WARNING 1 - Audio Quality

People who prefer to compile BladeEnc themselves should be aware that the BladeEnc sourcecode is a very delicate piece of code that needs your compiler to treat it absolutely correctly. Small changes in precision that won't affect other programs can affect BladeEnc's encoding process to such a degree that you get an audible degradation of sound quality!

We have found that some versions of well known compilers such as Visual C++ and GNU C do decrease the output if optimizations are enabled. Visual C++ 5.0 (without service packs) for example generates a mutated BladeEnc that adds a very irritating low-frequency "engine sound" to most music.

If you are serious about sound quality we recommend you to either download binaries from our homepage or check the output of your compiled version with that generated by any of our binaries. Given the same input file they should generate exactly the same output (use md5sum or something similar to compare). If they don't, the quality generated by yours might be lower.

WARNING 2 - MPEG Layer 3 Patents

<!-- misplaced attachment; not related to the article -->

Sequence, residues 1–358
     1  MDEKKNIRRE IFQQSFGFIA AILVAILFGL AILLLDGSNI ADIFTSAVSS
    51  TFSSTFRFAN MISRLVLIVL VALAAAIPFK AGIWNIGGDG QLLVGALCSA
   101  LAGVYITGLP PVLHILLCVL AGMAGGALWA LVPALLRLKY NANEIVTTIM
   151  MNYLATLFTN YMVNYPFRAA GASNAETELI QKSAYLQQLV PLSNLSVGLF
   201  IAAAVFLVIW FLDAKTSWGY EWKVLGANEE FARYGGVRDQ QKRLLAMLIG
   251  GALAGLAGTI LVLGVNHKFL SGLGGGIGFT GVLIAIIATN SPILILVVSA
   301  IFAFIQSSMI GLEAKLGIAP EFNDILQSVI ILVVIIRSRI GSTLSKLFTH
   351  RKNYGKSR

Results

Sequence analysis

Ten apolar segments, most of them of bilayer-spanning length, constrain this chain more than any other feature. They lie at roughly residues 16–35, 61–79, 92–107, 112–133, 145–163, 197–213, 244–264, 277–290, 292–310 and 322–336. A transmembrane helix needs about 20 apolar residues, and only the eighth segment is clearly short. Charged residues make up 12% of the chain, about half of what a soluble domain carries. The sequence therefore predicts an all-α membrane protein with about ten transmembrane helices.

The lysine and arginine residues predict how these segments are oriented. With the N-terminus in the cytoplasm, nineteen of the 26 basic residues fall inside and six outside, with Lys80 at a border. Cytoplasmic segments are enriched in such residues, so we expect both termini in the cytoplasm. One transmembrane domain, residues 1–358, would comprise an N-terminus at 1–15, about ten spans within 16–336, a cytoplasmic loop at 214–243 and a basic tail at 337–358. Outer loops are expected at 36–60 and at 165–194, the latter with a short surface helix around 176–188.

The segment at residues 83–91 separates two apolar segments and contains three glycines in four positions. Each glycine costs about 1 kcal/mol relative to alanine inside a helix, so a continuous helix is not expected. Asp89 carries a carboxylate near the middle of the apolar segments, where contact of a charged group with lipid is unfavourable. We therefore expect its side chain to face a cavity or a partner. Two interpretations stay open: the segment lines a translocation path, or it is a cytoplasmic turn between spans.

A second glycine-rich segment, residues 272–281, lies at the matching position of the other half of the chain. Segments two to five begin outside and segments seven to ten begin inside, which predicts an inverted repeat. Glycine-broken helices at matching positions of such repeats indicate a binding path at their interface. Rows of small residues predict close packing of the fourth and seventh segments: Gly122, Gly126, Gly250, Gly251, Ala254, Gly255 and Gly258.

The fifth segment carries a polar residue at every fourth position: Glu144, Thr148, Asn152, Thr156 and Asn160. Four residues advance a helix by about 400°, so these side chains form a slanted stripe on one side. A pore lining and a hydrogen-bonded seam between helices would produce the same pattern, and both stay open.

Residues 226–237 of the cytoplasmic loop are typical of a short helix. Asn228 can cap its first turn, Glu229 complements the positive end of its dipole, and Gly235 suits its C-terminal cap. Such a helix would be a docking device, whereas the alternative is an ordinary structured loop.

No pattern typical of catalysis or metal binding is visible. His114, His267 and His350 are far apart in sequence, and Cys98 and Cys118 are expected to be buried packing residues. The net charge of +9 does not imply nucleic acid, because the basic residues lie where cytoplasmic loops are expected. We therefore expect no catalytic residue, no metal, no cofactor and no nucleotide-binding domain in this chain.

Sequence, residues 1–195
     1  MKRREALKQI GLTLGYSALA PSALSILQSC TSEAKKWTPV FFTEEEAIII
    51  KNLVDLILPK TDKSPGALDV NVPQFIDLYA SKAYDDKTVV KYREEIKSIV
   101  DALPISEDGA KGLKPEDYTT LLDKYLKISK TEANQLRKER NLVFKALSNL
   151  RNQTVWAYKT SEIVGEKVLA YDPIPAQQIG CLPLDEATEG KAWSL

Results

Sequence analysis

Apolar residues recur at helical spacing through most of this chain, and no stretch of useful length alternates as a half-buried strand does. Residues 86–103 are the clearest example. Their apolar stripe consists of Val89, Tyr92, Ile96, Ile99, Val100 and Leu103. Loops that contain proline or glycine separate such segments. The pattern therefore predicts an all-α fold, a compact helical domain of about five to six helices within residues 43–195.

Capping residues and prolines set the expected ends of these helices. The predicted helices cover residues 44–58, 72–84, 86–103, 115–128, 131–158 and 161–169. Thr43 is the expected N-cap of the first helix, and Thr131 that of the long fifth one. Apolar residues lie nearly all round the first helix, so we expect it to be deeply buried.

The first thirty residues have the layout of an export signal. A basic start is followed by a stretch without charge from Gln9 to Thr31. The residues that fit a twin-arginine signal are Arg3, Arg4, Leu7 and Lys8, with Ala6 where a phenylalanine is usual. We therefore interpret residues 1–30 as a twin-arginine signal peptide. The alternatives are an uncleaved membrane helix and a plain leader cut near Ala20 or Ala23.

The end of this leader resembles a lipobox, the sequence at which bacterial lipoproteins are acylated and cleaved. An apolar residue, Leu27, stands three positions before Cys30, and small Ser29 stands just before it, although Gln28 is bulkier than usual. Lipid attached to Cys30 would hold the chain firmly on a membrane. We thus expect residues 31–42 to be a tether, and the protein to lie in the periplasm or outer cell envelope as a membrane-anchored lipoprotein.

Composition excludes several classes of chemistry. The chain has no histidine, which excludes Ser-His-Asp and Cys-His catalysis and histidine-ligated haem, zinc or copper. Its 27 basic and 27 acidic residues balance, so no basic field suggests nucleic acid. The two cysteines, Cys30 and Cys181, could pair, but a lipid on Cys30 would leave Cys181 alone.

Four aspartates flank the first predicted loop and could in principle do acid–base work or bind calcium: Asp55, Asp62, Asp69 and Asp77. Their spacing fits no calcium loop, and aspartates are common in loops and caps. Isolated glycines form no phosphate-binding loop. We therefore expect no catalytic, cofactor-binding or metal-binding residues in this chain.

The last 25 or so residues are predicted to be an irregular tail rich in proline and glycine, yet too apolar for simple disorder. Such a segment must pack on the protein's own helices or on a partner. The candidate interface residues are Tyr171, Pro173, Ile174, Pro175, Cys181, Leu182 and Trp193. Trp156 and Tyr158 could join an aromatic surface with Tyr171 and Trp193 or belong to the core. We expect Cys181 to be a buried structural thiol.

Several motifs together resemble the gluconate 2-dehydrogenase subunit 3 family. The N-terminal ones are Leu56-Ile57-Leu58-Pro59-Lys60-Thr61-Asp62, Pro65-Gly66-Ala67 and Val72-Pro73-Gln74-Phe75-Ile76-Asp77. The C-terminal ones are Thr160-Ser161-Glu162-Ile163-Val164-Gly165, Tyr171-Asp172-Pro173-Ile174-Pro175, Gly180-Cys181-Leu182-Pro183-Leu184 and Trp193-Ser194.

Although the sourcecode for BladeEnc is distributed under the LGPL, it includes algorithms and solutions that some of the creators of the MPEG Layer 3 standard claims to have patents on.

This makes portions of the BladeEnc sourcecode quite unsuitable for inclusion into other software projects. It might even be a breach of the GPL / LGPL license of another product if you add patent covered parts of BladeEnc to its sourcecode.

Porting BladeEnc

In order to port BladeEnc to a currently unsupported platform, please follow these simple steps:

  1. Download the latest STABLE BladeEnc sourcecode as well as an already available port (which contains all the other files, like the manual, that shall be included with your port).